Wednesday, 26 October 2011

Chimei Hamada

Soaring, 1958

Irritating B, 1975

Dead End, 1981

Decorative work for the poetry of Hiroshi Osada II, 1973

Ghost Brought Back to Life, 1956

Landscape, 1953

A-re-re, 1974

The Japanese artist Chimei Hamada (b.1917) studied at the Tokyo University of Fine Arts before serving in the army in China during World War II. In 1950 he began a series of etchings, Elegy for a New Conscript, in which he translated his experiences of war into grotesque, satirical and hallucinatory monochrome images, some of which remind me a little of the work of Alfred Kubin or even Goya, although others are something else entirely. There isn't a great deal of his work to be seen online, but there's a few more images here, here, and here.

Tuesday, 13 September 2011

More Quay covers

My copy of Suzanne Buchan's The Quay Brothers: Into A Metaphysical Playroom arrived yesterday, and it includes a page of book covers designed by the Quays (see this post). Unfortunately the images are tiny black and white thumbnails, but these are the few I've managed to track down online.

Wednesday, 7 September 2011


Anita Siegel

Fons Van Woerkom

Edward Gorey

Anita Siegel

Mel Furukawa

Murray Tinkelman

Michaela Barasky

Roland Topor

Tomi Ungerer

Please excuse the infrequent updates for the time being; I'm trying to get as much art and music done as possible while I have the chance.

Above are a few New York Times Op-ed illustrations found in two issues of Graphis (158 and 180). Unfortunately I didn't have time to make a note of any more information before I returned them. I've always found this kind of black and white, mostly pen and ink work appealing and infinitely preferable to the slightly twee, 1950s-retro look that's so prevalent in editorial illustration nowadays. I'm also intrigued by what little I've seen of Anita Siegel's collage pieces.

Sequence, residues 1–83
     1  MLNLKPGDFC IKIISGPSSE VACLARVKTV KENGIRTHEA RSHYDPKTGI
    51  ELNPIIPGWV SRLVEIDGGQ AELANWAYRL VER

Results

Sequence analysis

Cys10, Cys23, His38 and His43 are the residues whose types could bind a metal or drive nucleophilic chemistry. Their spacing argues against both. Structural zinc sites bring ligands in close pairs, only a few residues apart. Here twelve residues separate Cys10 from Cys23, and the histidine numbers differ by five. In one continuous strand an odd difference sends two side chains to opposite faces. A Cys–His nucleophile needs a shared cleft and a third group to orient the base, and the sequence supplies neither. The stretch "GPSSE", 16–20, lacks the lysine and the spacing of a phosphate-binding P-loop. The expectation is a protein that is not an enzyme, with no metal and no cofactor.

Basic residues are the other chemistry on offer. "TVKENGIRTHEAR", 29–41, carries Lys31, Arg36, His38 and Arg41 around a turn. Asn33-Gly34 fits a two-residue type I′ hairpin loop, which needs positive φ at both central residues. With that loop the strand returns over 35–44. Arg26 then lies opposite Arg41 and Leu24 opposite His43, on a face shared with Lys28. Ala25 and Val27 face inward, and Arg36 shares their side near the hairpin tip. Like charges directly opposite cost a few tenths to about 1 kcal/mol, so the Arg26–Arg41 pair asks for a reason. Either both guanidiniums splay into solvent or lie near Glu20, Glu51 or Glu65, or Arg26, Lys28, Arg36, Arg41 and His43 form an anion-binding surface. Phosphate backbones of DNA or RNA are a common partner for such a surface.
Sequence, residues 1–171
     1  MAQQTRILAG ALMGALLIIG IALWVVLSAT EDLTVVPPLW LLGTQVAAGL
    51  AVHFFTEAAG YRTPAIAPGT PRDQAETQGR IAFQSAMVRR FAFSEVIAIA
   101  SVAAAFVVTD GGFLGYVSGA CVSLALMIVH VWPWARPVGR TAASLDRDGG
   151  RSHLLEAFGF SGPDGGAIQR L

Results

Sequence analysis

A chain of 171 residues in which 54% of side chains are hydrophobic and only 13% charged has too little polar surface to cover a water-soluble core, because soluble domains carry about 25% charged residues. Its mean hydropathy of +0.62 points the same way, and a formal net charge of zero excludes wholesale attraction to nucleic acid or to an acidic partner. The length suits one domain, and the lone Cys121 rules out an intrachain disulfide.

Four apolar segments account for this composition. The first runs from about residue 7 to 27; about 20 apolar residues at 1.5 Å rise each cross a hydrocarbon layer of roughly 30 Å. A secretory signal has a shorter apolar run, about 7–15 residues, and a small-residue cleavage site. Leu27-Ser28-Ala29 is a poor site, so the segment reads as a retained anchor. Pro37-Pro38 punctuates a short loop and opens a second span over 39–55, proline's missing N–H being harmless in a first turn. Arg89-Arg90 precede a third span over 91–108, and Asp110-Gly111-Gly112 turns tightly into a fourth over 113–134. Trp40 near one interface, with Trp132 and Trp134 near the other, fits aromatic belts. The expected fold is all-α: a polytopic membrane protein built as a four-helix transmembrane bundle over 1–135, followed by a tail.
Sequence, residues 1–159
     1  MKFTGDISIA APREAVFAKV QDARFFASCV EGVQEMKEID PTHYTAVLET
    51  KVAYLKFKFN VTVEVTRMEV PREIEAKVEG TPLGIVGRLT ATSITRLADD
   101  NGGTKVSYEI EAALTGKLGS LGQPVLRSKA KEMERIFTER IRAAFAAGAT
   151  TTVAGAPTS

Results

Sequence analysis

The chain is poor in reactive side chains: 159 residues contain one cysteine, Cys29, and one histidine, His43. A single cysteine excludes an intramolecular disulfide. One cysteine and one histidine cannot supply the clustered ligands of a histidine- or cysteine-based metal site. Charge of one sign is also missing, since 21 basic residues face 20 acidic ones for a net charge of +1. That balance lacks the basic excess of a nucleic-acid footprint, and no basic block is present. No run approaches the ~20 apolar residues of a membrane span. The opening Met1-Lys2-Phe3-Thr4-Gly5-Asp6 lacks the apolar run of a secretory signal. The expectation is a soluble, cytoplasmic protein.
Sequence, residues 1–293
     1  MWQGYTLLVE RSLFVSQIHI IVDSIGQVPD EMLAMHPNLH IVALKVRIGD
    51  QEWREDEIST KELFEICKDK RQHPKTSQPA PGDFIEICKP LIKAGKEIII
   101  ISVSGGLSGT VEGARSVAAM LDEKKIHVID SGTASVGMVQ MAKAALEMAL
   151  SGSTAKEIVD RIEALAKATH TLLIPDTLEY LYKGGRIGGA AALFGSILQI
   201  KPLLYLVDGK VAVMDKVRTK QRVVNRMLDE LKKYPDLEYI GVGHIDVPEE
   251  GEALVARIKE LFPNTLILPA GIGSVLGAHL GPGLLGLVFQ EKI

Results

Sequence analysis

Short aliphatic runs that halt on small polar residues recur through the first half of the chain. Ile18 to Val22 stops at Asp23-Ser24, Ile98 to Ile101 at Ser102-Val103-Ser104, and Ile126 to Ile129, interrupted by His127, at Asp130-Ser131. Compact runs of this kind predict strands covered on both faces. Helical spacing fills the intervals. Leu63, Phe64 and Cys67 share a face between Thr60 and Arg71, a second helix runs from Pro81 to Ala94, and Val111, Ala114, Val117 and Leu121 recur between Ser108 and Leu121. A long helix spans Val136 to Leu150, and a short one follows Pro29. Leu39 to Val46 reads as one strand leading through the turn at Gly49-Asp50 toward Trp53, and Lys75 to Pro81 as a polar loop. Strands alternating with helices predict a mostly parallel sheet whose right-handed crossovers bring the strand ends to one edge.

Friday, 22 July 2011

Karel Vaca

These are the work of Czech artist and designer Karel Vaca (1919-1989). According to Terry Posters, Vaca designed 289 film posters, and many of the examples on the site look fairly rushed and/or pedestrian, but the above selection includes some of the more inspired ones. A few of his paintings can be seen here and here.

Wednesday, 20 July 2011

Eugene Mihaesco

Op-Ed art by the Romanian-born illustrator Eugene Mihaesco. There appears to be next to nothing by or about Mihaesco online, other than this:

Ceausescu was enraged at the drawings. In early 1989 Mihaesco's 79-year-old father Nicolae, who lives in Bucharest, was sacked from his job, isolated from his friends and ordered to rein in his "seditious" son. "I'm crushed if you go on," Nicolae told Eugene by telephone. "They will destroy me, destroy your mother." Grasping for a solution, the artist screamed at his father -- and the eavesdropping police -- "Don't tell me what to do. I disinherit you!" Children do not disinherit parents; this artist is crazy. Or so Mihaesco hoped the Securitate would think. Soon after, his father got his job back. But Nicolae Mihaescu did not understand his son's vehemence. They have not spoken since.